Eye Cancer Care in Ethiopia

The Eye Cancer Foundation’s “2020 Campaign” claims another country, Ethiopia! We supported intensive training of a local ophthalmologist on advancements in retinoblastoma research, treatment, and diagnosis. Our most recent ECF grant recipient, Dr. Abu Amare, an ophthalmologist in Ethiopia, just completed a  6-month retinoblastoma fellowship at the Rasoole-E-Akram Hospital of The Iranian University of Medical Sciences in Tehran, Iran.

Dr. Amare notes of his experience, “The fellowship program made a big difference in my skill and knowledge in diagnosing retinoblastoma…” He also is grateful for the opportunity to have been able to shadow physicians in different disciplines, such as oculoplastic surgery, learning about enucleation and evisceration — he also observed interventional neuroradiology for intra-arterial chemotherapy and surgeons performing plaque radiotherapy. Dr. Amare was able to connect with his mentors, as they were polite and courteous and took their time to truly teach  him techniques, such as RetCam photography, that he called “profound to the maximum” and with “no limitations.” Further, he was exposed to ophthalmic pathology, including tissue processing and examinations under light microscopy for a variety of eye tumors. These valuable skills for an ophthalmologist specializing in retinoblastoma are necessary for its early diagnosis and treatment.

 

With the help of the ECF, Ethiopia has gained a learned and more knowledgeable ophthalmologist who can help in preventing blindness and retinoblastoma-metastasis within the Ethiopian population. The Foundation has given Dr. Amare the tools necessary to organize the first ever eye cancer center in his home country. On his plan to share what he has learned as a fellow, Dr. Amare says that he would “start with organizing the appropriate instruments and equipment to establish a dedicated team…creation of awareness [about retinoblastoma] ranges from policy makers down to different levels, specialties, and supports.” Such comprehensive training through the fellowship program that the ECF provides will save the sight and lives of thousands of people, for generations to come.

 

We will continue to focus on unserved and underserved countries with little to no eye cancer care. The Eye Cancer Foundation will continue to help Dr. Amare organize his ambitious and driven team, and plans to prevent and cure retinoblastoma in Ethiopia.

 

For more information on The Eye Cancer Foundation and its mission, visit www.eyecancercure.com.

 

To donate and help sponsor more specialty training in unserved and underserved countries, go to www.eyecancercure.com/donate.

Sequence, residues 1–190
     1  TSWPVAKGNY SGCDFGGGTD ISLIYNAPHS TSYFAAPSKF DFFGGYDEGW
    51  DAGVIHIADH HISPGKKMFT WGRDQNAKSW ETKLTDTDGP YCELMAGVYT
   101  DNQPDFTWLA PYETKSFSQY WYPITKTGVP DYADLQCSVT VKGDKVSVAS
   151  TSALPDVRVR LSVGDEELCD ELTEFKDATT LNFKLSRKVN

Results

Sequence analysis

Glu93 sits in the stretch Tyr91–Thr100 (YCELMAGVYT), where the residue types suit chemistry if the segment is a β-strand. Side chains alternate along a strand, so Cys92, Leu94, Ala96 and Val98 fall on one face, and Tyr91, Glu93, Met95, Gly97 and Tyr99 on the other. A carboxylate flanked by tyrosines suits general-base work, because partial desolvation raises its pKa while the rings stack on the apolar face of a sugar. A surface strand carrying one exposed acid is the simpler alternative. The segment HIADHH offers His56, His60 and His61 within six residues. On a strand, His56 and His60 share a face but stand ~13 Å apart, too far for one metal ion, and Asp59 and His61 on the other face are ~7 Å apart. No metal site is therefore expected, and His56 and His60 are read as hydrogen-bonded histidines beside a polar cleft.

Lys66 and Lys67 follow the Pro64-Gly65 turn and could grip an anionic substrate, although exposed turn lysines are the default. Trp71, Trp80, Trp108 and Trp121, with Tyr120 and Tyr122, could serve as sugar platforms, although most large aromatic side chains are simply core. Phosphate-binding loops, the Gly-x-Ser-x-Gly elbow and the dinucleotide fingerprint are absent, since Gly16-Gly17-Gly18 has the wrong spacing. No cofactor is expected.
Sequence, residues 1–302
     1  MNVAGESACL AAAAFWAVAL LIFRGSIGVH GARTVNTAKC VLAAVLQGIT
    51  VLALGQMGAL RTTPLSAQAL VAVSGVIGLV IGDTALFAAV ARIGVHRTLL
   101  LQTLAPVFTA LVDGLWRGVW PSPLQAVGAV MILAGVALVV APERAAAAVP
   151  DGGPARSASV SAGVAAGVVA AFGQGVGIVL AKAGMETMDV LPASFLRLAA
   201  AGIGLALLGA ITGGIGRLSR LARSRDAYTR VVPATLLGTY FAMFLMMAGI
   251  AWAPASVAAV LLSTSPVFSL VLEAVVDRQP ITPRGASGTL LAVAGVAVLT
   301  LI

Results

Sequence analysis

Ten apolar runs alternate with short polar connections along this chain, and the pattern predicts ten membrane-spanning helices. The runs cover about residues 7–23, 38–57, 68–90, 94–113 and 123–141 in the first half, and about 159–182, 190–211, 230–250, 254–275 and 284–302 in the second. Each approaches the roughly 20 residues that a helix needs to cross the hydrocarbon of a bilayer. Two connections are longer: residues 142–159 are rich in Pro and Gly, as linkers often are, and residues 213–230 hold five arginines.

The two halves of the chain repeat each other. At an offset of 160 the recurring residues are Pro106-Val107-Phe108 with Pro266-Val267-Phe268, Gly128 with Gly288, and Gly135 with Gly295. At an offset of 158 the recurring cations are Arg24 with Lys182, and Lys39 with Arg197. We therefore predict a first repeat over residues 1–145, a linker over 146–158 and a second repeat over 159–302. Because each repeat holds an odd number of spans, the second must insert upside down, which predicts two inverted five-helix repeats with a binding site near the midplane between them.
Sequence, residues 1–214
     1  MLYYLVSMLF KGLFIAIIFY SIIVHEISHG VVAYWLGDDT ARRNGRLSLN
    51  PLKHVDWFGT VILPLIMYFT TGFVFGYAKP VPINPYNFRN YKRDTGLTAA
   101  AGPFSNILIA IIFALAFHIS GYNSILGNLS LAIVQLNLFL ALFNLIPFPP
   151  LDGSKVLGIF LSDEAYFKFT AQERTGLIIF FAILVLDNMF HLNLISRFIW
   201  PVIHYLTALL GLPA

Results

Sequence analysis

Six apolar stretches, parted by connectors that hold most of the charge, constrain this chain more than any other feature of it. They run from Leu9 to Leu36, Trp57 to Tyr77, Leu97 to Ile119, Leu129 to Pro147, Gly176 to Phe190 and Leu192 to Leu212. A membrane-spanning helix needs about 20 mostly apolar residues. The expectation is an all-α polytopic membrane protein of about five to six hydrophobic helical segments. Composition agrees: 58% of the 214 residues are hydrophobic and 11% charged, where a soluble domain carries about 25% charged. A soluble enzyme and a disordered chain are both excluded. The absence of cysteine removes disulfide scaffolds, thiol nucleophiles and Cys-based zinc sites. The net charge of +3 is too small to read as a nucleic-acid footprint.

A “Biomarker” for Conjunctival Melanoma

The COMS Study

What causes conjunctival melanoma (CoM)? Because of its rarity, much about CoM is unknown. Current medicine has yet to truly pinpoint any underlying genetic factors affecting CoM. In fact, no molecular drivers have been clearly defined in association with metastasis, recurrence prognosis, cell type, or other characteristic factors of CoM. In response to this gap in literature, a large multi-center study was launched. Over a dozen eye cancer centers collaborated in order to determine biomarkers that may indicate risk for metastasis or tumor growth.

With access to a large sample of nearly 100 patients from eight different eye cancer centers around the world, the researchers behind this study sought to clearly define key biomarkers of CoM metastatic risk, and to correlate these biomarkers to clinical features and outcomes. This association of molecular indicator to clinical feature would ultimately help treatment providers identify patients who are at greater risk for metastasis, and help researchers identify possible molecular targets for therapy.

At the conclusion of this study, it was found that in deletion mutations in a gene region called “chr10” (normally consisting of tumor-suppressing genes) significantly correlated with metastasis, lymphatic invasion, and increasing tumor thickness.

This study was the first to characterize chromosomal copy number alterations (CNAs) in such depth and with such a large and well-defined sample. The result is a more clearly-defined biomarker as a CoM risk factor than there has been in previous literature. The next plan of action with this newfound information, however, would be to apply this and other relevant research in order to further develop more effective therapies and accurate prognosis.

 

Click here for the full-text!

 

 

Check out The Eye Cancer Foundation for more information on the latest eye cancer research, charitable accomplishments, and for more information on how to donate and support new research and education!


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